The grid includes the national as well as local area and private ones. Mean electricity consumption rate is about half a kW.
CHP, has been around for some time, and works well in terms of efficiency.
Heat doesn’t travel well and tends to work better on local scales. This fact may shape the grid in the future.
We hope to learn how to recognise good solutions as and when they become available.
Alarm bell of virtual power plants and virtual storage. This looks like the banking system in some ways!
The government-sponsored, powerful report from Nicholas Stern suggested strongly that the sooner you act on climate change and environmental degradation, the less it costs you (to do what you can to reduce human impact towards it). Is the energy supplier the right party to be helping us reduce energy use and emissions. But some of our bill is earmarked for reinvestment in work on greater efficiency and lower carbon economies.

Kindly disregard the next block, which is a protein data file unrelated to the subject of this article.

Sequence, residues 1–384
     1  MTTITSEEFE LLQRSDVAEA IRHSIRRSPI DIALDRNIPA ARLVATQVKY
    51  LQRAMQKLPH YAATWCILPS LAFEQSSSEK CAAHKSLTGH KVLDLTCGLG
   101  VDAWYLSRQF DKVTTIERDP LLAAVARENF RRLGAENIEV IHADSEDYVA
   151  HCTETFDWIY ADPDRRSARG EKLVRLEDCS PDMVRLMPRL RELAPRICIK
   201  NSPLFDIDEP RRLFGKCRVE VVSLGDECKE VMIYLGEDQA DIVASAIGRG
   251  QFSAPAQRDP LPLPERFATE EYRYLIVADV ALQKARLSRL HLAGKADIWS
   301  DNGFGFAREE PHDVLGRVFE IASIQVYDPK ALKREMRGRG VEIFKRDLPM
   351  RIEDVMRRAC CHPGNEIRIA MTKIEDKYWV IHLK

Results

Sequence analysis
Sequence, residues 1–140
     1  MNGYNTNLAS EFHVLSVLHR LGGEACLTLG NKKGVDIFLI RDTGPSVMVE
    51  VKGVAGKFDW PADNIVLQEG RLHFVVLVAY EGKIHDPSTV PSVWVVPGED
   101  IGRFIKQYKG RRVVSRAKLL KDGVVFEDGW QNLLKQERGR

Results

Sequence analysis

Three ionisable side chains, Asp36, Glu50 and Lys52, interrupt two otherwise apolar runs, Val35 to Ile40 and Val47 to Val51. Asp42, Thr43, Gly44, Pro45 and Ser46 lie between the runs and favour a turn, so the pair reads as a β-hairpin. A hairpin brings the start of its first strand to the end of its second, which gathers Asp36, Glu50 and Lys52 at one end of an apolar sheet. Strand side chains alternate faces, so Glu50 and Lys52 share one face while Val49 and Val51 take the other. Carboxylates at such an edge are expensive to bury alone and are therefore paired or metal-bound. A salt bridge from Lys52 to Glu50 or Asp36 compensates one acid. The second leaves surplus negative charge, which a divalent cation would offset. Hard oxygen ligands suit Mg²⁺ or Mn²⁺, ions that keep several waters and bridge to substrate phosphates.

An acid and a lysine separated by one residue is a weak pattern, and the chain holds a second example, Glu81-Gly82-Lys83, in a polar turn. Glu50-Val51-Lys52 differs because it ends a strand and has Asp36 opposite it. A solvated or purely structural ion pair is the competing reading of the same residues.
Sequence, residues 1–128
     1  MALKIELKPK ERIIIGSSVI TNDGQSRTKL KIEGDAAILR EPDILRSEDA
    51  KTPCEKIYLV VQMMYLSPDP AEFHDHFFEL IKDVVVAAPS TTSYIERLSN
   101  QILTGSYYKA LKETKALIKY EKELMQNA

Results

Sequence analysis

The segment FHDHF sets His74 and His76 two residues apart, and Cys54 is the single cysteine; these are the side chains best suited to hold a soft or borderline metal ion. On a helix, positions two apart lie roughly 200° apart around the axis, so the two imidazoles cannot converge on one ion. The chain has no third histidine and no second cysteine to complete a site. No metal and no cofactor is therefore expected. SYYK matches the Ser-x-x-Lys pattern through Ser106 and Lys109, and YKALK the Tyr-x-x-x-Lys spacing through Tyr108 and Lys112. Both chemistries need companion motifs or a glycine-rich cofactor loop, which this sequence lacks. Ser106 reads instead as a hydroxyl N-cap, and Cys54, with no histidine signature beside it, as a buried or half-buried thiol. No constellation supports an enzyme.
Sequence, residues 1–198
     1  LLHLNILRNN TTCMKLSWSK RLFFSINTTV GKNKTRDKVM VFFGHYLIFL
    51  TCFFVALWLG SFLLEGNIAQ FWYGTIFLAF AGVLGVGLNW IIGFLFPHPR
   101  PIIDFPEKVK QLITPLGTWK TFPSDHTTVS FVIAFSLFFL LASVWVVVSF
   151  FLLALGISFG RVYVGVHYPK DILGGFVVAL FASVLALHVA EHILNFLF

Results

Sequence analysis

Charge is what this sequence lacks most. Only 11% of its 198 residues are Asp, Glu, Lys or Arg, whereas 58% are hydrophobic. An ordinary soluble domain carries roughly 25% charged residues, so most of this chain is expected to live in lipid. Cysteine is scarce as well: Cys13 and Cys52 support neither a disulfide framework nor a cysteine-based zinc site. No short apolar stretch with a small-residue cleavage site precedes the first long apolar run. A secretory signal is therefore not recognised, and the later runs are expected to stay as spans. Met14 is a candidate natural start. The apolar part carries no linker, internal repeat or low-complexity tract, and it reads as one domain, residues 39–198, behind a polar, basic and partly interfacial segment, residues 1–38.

We need a way forward that allows us all to participate in the planning. Without this there are greater risks of losing buy-in.
The keys to the smart grid are
- appropriate communications
- data security
. The three core aspects of the smart grid are
- improved performance
- new architecture
- new applications
to obtain the types of power transmission and distribution with smart metering needed.
Network storage is part of the solution.
What the smart grid equipment vendors are doing
A million smart meters deployed in USA with an investment of USD200 mn. (Ed. This implies an investment of $200 a smart meter).
Management of smart resources – smart crews. Logistics of installing many meters in short time. Software enables MRO and installation workforce to be smart and save 10-20% of costs while smoothing and destressing processes for users and workers.